Coal and mining in general got destroyed during the 2008 financial crisis because of the global growth slowdown. In fact, there are still stockpiles of iron ore in China today. Coal was also getting hit in the US with additional regulations. These concerns caused coal and iron ore stocks to plummet in value. The one company I invested in had cut its dividends by over 60%, reduced production, and decided to wait out the storm. It replaced management, too, bringing in experts that would be more fiscally responsible than previous management.
I decided the stock was ready to invest in. It had dropped from $86 to $15 over the past 5 years. Meanwhile, other companies in the industry were going out of business, but this company was changing the way it worked to survive. I got in right before earnings, and bought long 2-year call options. The reason I bought 2-year options is because the stock is very volatile and has a high beta. But the stock always seemed to jump up and down during the year, quite dramatically. If I invested at a bad time, I would still have 2-years for the company to perform well. Also, while looking at the chart, it looked like the stock was just hitting the bottom of its yearly cycle. I got in right before earnings – I knew the quarterly report would be a market moving event. Earnings were expected to be modest, so there was a lot of room for upside surprise.
I took the plunge and it paid off
Earnings came out the stock jumped nearly 6% and drifted higher over the next few days. I gained nearly 140% on my investment. After a week or so, I felt the stock was priced closer to fair value, so I cashed out, and used the gains to pay down my debt.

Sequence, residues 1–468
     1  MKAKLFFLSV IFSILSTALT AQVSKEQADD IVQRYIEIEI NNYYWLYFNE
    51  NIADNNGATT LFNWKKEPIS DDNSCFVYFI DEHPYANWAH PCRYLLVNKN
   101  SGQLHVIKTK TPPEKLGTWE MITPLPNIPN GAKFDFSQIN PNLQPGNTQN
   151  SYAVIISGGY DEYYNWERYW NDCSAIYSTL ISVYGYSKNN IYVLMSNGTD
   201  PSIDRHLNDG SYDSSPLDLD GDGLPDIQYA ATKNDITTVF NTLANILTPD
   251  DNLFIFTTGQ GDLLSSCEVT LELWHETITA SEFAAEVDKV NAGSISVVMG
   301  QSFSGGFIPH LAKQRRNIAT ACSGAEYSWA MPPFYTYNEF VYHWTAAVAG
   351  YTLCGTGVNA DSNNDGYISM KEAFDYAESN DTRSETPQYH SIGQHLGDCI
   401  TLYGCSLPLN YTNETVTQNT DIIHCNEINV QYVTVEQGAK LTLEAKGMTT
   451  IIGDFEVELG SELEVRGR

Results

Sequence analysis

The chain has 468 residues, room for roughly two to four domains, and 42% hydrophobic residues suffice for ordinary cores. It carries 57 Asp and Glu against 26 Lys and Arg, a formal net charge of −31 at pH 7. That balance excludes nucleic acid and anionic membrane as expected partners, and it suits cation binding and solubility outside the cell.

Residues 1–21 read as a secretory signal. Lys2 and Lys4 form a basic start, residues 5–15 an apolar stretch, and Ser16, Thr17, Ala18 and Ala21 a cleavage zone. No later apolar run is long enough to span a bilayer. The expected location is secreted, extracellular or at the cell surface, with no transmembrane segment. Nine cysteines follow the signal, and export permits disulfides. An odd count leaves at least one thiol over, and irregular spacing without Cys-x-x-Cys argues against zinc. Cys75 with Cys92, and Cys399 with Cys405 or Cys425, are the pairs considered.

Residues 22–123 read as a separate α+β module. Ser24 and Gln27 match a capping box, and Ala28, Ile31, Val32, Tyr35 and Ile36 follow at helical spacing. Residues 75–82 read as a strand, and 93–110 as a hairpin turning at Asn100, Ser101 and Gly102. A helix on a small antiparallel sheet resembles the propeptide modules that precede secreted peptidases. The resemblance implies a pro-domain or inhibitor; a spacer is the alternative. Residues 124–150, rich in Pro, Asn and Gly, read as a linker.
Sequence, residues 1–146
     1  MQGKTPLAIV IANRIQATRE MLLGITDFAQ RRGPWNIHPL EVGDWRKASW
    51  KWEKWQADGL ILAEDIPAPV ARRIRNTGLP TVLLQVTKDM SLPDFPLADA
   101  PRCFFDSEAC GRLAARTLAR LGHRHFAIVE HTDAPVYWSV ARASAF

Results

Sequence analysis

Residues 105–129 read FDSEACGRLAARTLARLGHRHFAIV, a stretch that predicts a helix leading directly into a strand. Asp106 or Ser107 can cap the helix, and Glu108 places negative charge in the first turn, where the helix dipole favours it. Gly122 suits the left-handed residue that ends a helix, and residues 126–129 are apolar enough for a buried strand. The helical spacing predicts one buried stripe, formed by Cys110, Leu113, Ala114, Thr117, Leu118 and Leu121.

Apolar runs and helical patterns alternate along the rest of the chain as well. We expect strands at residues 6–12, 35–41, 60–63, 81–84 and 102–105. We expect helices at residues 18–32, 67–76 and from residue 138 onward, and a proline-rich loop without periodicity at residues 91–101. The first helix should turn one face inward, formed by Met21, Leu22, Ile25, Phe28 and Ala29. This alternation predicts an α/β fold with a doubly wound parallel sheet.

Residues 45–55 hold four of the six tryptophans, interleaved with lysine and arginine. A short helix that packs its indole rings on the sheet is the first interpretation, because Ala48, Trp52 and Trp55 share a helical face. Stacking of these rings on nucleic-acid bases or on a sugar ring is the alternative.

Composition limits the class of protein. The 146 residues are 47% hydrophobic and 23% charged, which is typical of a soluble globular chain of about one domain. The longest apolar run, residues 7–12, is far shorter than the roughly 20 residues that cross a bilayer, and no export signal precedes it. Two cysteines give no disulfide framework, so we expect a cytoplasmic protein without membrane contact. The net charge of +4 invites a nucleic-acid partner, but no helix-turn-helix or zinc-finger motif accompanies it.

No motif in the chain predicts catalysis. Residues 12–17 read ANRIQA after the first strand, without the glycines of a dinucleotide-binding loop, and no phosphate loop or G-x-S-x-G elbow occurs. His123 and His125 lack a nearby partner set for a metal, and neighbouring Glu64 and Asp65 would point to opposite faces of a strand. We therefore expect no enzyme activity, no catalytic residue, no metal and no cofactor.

What I learned
I was lucky that everything came together on this investment move. I have cash flow because I live with my parents. I started my job and earned cash flow to invest right when this stock was hitting the bottom of its cycle. I made the large investment right before its earnings, which were better than expected.
But although I had luck, I also minimized risk. I bought a 2-year call option, instead of a short-term option. I did my research, and have actually been following the company I invested in for nearly 4 years now. I could also afford to lose the money without severe consequences since I was living with my parents. I was already putting aside money to pay for expenses and to pay down my debt. I sold out when I thought the stock was fairly valued, I did not speculate more than I needed to.
Overall, the risk/return profile was favorable. I minimized risk through understanding my financial needs and knowing the company and industry I invested in, and it got me ahead of schedule.
I am now working on saving up my cash for another investment in the near future. By cutting down my debt from $25k in July to $11k in November, I have more room to invest, while continuing to pay down my debt on a monthly basis. But right now, the market is fairly valued. I will jump in again when I see mispriced assets. For many stocks at this point in time, I don’t believe the risk/return profile is favorable.